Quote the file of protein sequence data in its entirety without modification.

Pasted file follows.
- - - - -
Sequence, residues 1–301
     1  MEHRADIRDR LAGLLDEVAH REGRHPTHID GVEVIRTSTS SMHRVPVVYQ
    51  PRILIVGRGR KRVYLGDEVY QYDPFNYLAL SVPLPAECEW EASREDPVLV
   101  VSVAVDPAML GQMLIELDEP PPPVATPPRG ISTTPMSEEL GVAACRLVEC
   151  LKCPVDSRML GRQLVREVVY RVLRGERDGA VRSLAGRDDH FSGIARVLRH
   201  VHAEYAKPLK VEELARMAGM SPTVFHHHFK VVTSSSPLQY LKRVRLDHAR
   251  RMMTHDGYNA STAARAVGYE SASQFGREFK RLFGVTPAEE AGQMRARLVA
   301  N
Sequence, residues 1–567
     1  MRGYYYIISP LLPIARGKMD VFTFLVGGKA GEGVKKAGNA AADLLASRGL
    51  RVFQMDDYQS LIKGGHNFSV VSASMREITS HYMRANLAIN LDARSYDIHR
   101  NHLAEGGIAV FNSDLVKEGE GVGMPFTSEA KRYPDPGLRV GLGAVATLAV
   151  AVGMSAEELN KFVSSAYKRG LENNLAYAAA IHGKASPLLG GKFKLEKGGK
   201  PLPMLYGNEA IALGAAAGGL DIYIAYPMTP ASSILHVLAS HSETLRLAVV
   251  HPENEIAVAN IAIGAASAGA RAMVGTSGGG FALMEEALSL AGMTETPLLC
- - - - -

Sequence, residues 1–301
     1  MEHRADIRDR LAGLLDEVAH REGRHPTHID GVEVIRTSTS SMHRVPVVYQ
    51  PRILIVGRGR KRVYLGDEVY QYDPFNYLAL SVPLPAECEW EASREDPVLV
   101  VSVAVDPAML GQMLIELDEP PPPVATPPRG ISTTPMSEEL GVAACRLVEC
   151  LKCPVDSRML GRQLVREVVY RVLRGERDGA VRSLAGRDDH FSGIARVLRH
   201  VHAEYAKPLK VEELARMAGM SPTVFHHHFK VVTSSSPLQY LKRVRLDHAR
   251  RMMTHDGYNA STAARAVGYE SASQFGREFK RLFGVTPAEE AGQMRARLVA
   301  N
Sequence, residues 1–567
     1  MRGYYYIISP LLPIARGKMD VFTFLVGGKA GEGVKKAGNA AADLLASRGL
    51  RVFQMDDYQS LIKGGHNFSV VSASMREITS HYMRANLAIN LDARSYDIHR
   101  NHLAEGGIAV FNSDLVKEGE GVGMPFTSEA KRYPDPGLRV GLGAVATLAV
   151  AVGMSAEELN KFVSSAYKRG LENNLAYAAA IHGKASPLLG GKFKLEKGGK
   201  PLPMLYGNEA IALGAAAGGL DIYIAYPMTP ASSILHVLAS HSETLRLAVV
   251  HPENEIAVAN IAIGAASAGA RAMVGTSGGG FALMEEALSL AGMTETPLLC